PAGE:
If you do not think this particular example valid, there is a different example that shouldn’t come as a surprise since it has been around since the founding of the nation, the very reason we split from England and became our own country: What about parents who have had negative interactions with abusive civil authorities, and understandably do not believe that they will receive help, only further abuse? Whether those interactions are on the scale of minority interaction with police, or colonists’ interaction with Red Coats, the mechanism is the same: mutual ambivalence or even hostility, and lack of trust. I know whole communities that are wary of the police, not because they are not ‘law-abiding citizens’ but because they have had either prior bad interactions with police here, or were themselves victims of political/civil abuse in their own countries by the people supposed to protect them. This problem will not be solved by creating more opportunities for prosecution or abuse of power that led to the desire to avoid the law. Ultimately, trust between law enforcement and community cannot be legislated or forced. That only destroys any trust left, and fosters a more pathological relationship between civil authority and disenfranchised populations, and widens the disparities that create civil problems. Trust must be built with repeated positive interactions, which prosecutory measures completely eliminate as a possibility. Which brings me to the third and most important point.

3. This country has become so litigious already that prosecuting actual criminals and preventing making criminals out of regular citizens has become almost impossible. The legal system is broken, this is not news. I simply do not believe that creating two more laws that can be used at the whims of politicos as a pundit and career-climbers as a case win is going to solve the root of the problem. We cannot legislate our way out of human misery. We cannot legislate our way out of the problems that caused whoever killed Caylee to commit this atrocity in the first place. I have seen again and again that more legislation creates more victims. If we assume that this mother killed her own child, why are we not addressing the very question of how it came to pass? This is not bleeding heart liberalism but simple behavioral logic. Why are we shutting down social programs that provide emotional or physical or family support? Why are we cutting the education that allows the average number of people in the population to go on to be productive adults in society? There is no excuse for killing a kid, but in public health, prevention is more effective than reaction. Spreading pamphlets around doesn’t reduce the burden of any disease, mental or otherwise. Going into communities and making them strong prevents disease because it creates the day-to-day resilience that keeps  the average population of people from turning into monsters in the first place.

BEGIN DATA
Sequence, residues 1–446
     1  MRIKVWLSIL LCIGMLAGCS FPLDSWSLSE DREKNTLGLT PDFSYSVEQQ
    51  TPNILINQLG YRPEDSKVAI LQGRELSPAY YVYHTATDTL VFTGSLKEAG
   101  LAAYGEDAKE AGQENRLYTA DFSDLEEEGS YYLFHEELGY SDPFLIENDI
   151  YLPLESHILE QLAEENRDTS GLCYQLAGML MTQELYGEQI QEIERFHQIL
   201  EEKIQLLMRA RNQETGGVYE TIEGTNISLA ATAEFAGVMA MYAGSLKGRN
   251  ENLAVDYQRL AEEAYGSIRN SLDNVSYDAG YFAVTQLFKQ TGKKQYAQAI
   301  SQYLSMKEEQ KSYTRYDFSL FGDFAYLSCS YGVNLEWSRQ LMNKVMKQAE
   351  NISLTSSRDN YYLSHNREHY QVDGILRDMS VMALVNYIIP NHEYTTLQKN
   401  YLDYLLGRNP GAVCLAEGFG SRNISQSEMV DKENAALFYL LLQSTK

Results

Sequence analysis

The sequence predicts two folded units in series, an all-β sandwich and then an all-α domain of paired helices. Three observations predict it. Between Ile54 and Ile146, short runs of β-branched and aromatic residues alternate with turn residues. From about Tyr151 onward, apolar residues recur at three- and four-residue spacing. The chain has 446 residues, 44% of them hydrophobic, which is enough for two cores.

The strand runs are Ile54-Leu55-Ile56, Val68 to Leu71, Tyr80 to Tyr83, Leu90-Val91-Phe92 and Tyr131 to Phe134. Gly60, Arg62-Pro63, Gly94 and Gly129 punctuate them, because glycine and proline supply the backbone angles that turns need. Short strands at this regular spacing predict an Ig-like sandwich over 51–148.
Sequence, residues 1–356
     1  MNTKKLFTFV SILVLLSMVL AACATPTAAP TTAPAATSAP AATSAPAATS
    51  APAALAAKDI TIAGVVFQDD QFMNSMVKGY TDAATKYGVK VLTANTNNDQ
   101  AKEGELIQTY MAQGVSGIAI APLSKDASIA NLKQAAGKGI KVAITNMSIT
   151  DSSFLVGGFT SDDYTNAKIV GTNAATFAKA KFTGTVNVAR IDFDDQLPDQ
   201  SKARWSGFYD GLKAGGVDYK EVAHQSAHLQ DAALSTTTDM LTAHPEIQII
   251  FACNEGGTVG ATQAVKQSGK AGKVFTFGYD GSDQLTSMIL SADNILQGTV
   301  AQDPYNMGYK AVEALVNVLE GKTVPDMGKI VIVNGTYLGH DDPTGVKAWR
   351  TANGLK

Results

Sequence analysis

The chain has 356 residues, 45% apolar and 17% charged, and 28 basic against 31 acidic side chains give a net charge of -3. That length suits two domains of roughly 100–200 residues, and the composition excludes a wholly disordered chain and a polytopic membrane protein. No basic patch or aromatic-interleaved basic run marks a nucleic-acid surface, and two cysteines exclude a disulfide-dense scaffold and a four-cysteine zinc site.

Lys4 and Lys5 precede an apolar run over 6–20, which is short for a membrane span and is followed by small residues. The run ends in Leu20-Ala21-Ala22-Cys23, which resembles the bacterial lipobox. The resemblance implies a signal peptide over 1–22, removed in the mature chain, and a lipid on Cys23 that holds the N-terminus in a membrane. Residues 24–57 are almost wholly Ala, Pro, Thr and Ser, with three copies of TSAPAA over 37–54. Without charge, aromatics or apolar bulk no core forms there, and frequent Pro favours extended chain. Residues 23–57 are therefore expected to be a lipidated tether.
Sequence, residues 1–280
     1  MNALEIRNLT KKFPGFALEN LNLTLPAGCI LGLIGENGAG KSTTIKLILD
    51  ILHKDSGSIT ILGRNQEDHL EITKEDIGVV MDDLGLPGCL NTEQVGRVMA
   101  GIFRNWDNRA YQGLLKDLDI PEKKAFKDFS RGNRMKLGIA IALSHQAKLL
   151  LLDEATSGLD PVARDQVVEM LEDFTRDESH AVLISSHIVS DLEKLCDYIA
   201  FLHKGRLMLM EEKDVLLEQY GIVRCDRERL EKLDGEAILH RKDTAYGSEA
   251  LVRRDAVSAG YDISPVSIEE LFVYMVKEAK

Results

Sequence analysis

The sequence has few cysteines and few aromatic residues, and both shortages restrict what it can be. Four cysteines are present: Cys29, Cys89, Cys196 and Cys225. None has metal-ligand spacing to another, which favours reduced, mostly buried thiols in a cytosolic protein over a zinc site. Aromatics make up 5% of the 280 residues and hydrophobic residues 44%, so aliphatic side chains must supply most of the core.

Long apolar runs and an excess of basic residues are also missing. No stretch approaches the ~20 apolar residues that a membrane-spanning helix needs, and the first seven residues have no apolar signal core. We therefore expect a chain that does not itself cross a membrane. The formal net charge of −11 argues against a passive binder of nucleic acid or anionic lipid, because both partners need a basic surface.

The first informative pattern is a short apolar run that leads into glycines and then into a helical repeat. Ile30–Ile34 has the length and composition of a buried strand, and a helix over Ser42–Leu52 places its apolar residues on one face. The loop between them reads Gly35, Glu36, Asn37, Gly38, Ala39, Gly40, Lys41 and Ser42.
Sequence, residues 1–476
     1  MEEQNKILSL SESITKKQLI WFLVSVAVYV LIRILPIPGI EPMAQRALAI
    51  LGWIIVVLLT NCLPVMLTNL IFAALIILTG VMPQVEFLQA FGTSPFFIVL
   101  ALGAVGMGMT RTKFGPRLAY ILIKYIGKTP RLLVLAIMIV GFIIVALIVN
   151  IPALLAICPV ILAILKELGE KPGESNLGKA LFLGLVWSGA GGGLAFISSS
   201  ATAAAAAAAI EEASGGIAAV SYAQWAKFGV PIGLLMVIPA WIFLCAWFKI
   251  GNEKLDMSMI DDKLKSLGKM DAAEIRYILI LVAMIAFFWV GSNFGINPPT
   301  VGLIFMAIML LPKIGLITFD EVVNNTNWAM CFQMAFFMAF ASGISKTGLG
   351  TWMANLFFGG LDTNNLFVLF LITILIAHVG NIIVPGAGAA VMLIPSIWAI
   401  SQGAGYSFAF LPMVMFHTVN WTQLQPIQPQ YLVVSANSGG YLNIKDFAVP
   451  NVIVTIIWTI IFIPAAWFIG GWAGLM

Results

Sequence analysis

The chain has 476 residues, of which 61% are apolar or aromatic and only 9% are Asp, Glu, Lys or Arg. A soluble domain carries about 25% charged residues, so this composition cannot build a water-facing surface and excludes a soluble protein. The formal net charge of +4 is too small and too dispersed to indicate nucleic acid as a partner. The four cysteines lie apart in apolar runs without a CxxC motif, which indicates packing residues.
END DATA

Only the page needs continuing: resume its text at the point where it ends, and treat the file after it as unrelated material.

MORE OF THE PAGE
Nothing is going to bring Caylee Anthony back. Creating laws that produce more bureaucracy and more top-heavy legal squabbling wastes money that would be better spent in addressing the reasons people murder in the first place. In my opinion, this is the difference between designing the future and reacting pathologically to the past.


3 Responses to “Caylee’s Law and the Legal System”

  1. Zilla Grrl Says:

    That is a beautiful and powerful closing paragraph. Thank you for writing this piece.

  2. George Carlin used to describe crime as one of the three sticks (along with drugs and terrorism) that society uses to pass more restrictive laws and take away freedoms. I think that this case is a perfect example.

    Like you said in the article, the fact is that Casey Anthony was found NOT GUILTY! She wasn’t convicted of a crime, and yet the visceral reaction of people is to further take away freedoms because of the case. It’s beyond reactionary.

    I am reminded that humans share 33 chromosomes in common with chimps. Sometimes, it shows a lot.

    • Oh yeah! Good ol George Carlin. He really pegged everything, prophetic almost. And i remember learning about our genetic similarities to chimps from physical anthropology classes. I remember being stunned at our closeness, and then not so much when I thought about it. Especially after reading Jane Goodall’s most recent book and her discovery about chimp troops waging war and acting on what appeared to be planned vendetta.